Switzerland's famed Aletsch Glacier region was declared a Unesco world heritage site in 2002 - a crowning achievement in what was the International Year of Mountains.
As a guardian of one of the world's great mountainous regions, Switzerland had much at stake during the year.
For many Swiss, it was an opportunity to promote the Swiss Alps as a place of tourism and recreation.
But the Year of Mountains was also a chance to get serious about protecting alpine environments, as well as the people who live within them.
During the summer, Swiss Tourism used Unesco's decision to include the Jungfrau-Aletsch-Bietschhorn region on its world heritage list as a ready-made opportunity to promote the Alps.
More than 130 journalists from 28 countries were invited to the region in July. The media event generated more than 90 articles - a potential audience that tourism officials estimate in the hundreds of millions.
Many of the journalists portrayed the Alps as a place of serenity, beauty and environmental purity.
For tourism officials, the event was a clear success, and underlined how valuable the Alps are to Swiss tourism.
But for those concerned about the long-term future of that much-valued serenity and purity, 2002 was not just about clichés.
Some saw 2002 as a missed opportunity.
Last month, non-governmental organisations criticised the Swiss government for not doing enough to protect mountain communities and their environments.
Madeleine Bolliger, a member of the Swiss Coalition of Development Organisations, was among several to question the commitment of the Swiss government to the Alps.
"Switzerland is a pioneer nation at the international level," Bolliger said. "But the problem is that when it comes to acting at a national level, our country loses credibility far too often.
"I think the mountains are a very good example because Switzerland pushed the topic at the international level - but it still has a lot to do at home and the Swiss government has yet to assume a leading role," she added.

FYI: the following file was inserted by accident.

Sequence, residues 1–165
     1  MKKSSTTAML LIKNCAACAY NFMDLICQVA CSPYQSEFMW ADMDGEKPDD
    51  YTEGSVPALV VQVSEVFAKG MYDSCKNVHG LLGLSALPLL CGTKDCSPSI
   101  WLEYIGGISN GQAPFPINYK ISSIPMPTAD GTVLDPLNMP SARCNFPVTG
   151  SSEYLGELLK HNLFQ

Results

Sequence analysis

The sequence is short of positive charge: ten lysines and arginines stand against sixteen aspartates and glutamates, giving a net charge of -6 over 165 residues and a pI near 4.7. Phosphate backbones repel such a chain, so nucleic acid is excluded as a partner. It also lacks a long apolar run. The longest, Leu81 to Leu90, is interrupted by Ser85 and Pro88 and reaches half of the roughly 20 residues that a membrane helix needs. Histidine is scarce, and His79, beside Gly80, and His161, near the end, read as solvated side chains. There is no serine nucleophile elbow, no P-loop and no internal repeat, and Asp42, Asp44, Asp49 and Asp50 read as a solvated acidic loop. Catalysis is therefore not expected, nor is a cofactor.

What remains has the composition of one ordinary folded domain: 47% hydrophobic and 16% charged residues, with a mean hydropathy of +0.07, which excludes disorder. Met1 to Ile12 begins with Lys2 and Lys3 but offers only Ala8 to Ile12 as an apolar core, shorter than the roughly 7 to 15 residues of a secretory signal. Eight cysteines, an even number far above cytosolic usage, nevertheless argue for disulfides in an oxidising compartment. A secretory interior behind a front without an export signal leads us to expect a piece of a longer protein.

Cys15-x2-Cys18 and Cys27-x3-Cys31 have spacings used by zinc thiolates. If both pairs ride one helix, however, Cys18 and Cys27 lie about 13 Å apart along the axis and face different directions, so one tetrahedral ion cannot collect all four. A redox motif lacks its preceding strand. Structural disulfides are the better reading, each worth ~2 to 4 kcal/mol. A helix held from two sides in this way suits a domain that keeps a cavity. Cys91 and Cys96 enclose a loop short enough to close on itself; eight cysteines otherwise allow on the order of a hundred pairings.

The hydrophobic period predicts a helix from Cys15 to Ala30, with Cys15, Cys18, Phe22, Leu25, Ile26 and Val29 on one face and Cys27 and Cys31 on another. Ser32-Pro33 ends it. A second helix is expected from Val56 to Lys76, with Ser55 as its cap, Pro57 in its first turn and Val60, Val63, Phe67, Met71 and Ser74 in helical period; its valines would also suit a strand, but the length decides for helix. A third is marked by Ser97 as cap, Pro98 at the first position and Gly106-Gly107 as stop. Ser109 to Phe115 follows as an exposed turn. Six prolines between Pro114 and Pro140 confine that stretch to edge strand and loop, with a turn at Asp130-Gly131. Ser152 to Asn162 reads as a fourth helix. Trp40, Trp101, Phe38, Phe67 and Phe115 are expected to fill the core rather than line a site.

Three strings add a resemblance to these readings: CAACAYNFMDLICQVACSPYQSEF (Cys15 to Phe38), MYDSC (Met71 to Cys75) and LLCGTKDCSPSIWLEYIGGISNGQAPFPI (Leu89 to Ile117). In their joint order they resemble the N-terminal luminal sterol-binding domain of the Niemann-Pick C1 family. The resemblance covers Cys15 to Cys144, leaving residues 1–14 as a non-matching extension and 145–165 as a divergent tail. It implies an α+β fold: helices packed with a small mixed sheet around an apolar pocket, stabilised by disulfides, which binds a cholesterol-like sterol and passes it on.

Bolliger points to the fact that Switzerland is keen to tout its credentials internationally as a mountainous country, but has so far failed to ratify the protocols of a 1991 Alpine Convention signed with France, Italy and Austria.
But those in charge of coordinating sustainable development programmes in Switzerland's mountains - from initiatives to halt the melting of glaciers to schemes to protect the livelihood of isolated mountain communities - say the success or failure of Swiss efforts should not be judged solely by ticking off a list of completed projects.
Passing on the legacy
Pierre-Alain Rumley, director of the Federal Office for Spatial Development - the Swiss government's coordination platform for national policies of sustainable development - says it will be up to future generations to take stock of the past 12 months.
"It's difficult to say how successful it has been. Take for example the Year of Nature back in 1970. You didn't have many projects at the time, but there were a lot of activities in the years which followed."
"In the same way, it was important for us [in 2002] to make people more sensitive to the problems in the mountains, and the next stage will be the action."
As 2002 draws to a close, it remains to be seen whether the International Year of the Mountains will be remembered as a success.
What remains certain, however, is that debates about the future of regions such as the Swiss Alps will become ever more important.
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